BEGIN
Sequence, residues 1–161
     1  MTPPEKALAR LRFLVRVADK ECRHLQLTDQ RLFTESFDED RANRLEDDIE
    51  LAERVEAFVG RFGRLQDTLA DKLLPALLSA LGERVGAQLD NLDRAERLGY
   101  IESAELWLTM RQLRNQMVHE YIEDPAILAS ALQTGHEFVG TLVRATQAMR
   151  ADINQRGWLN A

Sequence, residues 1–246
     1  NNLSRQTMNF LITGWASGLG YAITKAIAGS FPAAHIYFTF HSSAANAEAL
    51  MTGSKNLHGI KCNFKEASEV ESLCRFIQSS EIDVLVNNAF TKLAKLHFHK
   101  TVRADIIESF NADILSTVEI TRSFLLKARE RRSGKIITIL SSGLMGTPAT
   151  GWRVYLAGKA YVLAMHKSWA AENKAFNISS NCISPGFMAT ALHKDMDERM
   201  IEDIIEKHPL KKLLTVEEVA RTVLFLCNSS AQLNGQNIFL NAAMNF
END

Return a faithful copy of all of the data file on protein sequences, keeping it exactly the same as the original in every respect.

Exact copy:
Sequence, residues 1–161
     1  MTPPEKALAR LRFLVRVADK ECRHLQLTDQ RLFTESFDED RANRLEDDIE
    51  LAERVEAFVG RFGRLQDTLA DKLLPALLSA LGERVGAQLD NLDRAERLGY
   101  IESAELWLTM RQLRNQMVHE YIEDPAILAS ALQTGHEFVG TLVRATQAMR
   151  ADINQRGWLN A

Sequence, residues 1–246
     1  NNLSRQTMNF LITGWASGLG YAITKAIAGS FPAAHIYFTF HSSAANAEAL
    51  MTGSKNLHGI KCNFKEASEV ESLCRFIQSS EIDVLVNNAF TKLAKLHFHK
   101  TVRADIIESF NADILSTVEI TRSFLLKARE RRSGKIITIL SSGLMGTPAT
   151  GWRVYLAGKA YVLAMHKSWA AENKAFNISS NCISPGFMAT ALHKDMDERM
   201  IEDIIEKHPL KKLLTVEEVA RTVLFLCNSS AQLNGQNIFL NAAMNF